Insights | 19 Apr 2024

Budgeting and Forecasting – Common Pitfalls and Traps to Avoid

Pilot is often engaged to review or advise on the preparation of budgets and forecasts. All too frequently we see common pitfalls that organisations should avoid. Here are some key areas to keep in mind.

The world of accounting isolation

Finance teams at their worst prepare budgets and forecasts in a vacuum. This is often based upon what they know and understand, and what they think. This can lead to the preparation of budgets and forecasts failing to consider a number of important, highly relevant inputs, including the following.

  • Key strategic priorities of an organisation – we should consider what these are, whether strategic priorities are changing, and therefore how this could impact the budget/forecast being prepared.
  • Plans and objectives of other departments in the organisation – if we do not talk to others in the organisation about what their plans are, we may miss key information that should feed into and build the numbers in the budget. A classic example is not speaking with sales / marketing personnel regarding revenue targets for the coming year, or what pricing adjustments may be required.

What level of profit /return do we want?

We often prepare budgets and forecasts from a top-down approach. That is, we start with revenue, and work our way down the Profit and Loss. Often the profit number that comes out at the bottom is just a mathematical calculation. A more strategically focused thought process would involve considering what level of profit we desire for the investment we have made, and for the risk we are taking. Understanding this then allows us to target certain areas, drive desired behaviours, and subsequently build the right budgets to achieve our objectives from a financial return perspective.

Capital and cash flow requirements

Budgets and forecasts often solely focus on profit. Managing and forecasting cash flows is also critically important from a financial health viewpoint. Good forecasts include cash flow requirements and in particular focus on the following items:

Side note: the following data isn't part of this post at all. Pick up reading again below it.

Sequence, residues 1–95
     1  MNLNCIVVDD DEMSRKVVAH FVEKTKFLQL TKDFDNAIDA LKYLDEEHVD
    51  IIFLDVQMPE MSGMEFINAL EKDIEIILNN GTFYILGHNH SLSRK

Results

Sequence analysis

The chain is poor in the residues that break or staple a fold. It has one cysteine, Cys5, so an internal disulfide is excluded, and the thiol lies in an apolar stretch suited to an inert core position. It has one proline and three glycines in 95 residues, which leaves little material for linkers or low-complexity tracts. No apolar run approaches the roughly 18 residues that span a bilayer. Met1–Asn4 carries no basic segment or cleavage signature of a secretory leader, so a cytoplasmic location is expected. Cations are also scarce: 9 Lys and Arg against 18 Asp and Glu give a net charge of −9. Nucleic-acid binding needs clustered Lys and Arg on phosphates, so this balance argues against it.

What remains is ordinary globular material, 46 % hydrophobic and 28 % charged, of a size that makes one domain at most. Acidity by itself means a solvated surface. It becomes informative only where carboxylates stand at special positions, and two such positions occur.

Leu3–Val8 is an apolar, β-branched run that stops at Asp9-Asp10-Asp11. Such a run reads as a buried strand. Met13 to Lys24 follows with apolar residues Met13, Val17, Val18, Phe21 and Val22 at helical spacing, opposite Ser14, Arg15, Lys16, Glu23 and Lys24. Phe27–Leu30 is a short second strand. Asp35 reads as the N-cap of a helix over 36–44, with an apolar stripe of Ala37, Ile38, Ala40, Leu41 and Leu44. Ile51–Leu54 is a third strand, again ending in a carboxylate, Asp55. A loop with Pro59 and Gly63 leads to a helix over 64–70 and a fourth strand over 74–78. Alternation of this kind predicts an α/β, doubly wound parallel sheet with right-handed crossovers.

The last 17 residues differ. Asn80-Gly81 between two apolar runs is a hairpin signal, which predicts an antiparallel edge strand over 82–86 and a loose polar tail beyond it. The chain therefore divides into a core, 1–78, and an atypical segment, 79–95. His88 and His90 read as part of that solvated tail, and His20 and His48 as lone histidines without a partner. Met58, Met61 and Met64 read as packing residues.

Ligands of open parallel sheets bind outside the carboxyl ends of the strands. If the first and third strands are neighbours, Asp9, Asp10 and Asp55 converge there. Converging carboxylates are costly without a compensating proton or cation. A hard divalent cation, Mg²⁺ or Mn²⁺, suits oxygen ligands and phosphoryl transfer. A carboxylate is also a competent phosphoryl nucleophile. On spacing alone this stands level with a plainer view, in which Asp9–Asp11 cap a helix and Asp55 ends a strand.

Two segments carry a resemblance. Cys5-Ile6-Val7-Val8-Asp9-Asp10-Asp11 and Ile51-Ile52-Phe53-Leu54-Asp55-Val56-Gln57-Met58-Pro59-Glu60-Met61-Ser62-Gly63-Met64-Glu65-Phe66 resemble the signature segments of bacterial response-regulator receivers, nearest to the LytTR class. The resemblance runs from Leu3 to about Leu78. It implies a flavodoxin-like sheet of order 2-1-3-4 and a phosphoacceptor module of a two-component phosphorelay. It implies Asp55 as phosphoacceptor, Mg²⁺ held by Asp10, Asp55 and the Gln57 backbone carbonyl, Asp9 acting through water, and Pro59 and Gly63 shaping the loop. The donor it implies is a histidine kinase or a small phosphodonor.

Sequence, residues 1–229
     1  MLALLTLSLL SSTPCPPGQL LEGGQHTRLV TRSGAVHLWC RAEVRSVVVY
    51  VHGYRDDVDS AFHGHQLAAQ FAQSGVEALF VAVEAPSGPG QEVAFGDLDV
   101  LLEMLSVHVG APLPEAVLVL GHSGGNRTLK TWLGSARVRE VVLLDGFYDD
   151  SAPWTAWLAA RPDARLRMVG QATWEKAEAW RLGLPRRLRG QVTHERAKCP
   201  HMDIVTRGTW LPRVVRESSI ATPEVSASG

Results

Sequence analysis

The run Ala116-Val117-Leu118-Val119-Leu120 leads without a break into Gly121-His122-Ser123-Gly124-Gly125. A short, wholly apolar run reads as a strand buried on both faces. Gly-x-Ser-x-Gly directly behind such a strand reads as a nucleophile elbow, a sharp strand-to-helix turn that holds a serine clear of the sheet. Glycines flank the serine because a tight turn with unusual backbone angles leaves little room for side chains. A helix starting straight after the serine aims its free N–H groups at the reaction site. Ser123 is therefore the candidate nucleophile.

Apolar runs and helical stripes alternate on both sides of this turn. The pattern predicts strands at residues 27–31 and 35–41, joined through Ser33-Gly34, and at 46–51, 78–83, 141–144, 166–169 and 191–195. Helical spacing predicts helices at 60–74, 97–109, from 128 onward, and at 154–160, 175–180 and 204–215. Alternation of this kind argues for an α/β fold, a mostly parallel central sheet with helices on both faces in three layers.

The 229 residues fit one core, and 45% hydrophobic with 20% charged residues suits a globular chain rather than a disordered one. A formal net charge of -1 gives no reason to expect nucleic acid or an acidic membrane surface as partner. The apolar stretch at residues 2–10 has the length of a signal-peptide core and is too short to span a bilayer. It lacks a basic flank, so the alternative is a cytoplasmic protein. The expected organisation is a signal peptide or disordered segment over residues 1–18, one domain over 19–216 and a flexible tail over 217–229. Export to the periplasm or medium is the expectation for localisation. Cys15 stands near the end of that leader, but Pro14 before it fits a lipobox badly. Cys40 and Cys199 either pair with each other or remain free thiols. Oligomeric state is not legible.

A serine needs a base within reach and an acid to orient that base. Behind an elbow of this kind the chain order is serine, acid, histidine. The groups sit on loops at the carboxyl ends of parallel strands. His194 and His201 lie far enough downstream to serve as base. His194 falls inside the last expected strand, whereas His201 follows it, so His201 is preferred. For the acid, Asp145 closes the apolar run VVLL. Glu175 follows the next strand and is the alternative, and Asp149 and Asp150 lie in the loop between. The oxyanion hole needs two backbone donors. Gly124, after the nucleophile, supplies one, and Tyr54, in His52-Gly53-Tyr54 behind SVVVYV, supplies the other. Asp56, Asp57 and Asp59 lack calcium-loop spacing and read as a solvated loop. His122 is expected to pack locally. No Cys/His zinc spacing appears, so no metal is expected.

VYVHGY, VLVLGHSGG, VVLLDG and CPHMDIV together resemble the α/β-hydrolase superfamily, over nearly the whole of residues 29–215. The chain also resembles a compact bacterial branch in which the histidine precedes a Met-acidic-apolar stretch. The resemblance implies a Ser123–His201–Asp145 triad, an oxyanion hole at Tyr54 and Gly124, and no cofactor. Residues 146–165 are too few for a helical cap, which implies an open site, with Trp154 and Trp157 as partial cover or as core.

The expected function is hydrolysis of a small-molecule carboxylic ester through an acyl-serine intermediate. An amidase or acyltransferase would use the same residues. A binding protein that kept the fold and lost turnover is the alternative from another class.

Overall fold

• What the capital expenditure requirements are for the business for the coming period.
  • Working capital management to ensure sufficient cash will be available to meet cash requirements as and when they fall due.
  • Ensure any financing requirements, i.e. debt and equity (including costs associated with obtaining financing) have been considered and factored in. Of particular importance is the timing of these requirements so that cash holes do not exist, or key business plans are unduly delayed because of not being able to secure financing.
  • Seasonality of cash flows, and revenue and expenditure items that have long cash lead times.

Compliance budgeting

We use the term compliance budgeting to ensure that compliance requirements are met through the budget process. Examples of compliance requirements may include banking covenants, or regulatory compliance requirements. These often focus on measures that relate to balance sheet health. Therefore, good budgets and forecasts provide a forecast balance sheet position. This provides comfort to management and those charged with governance that key compliance requirements have been addressed in the budgeting process and can be monitored on an ongoing basis.

Contact Pilot

If you would like assistance with budgeting and forecasting, contact Chris King on or your Pilot advisor on 07 3023 1300.

Read more

This article originally appeared in the Nexia “Sleepless in the C-Suite” publication, which can be viewed in full here.

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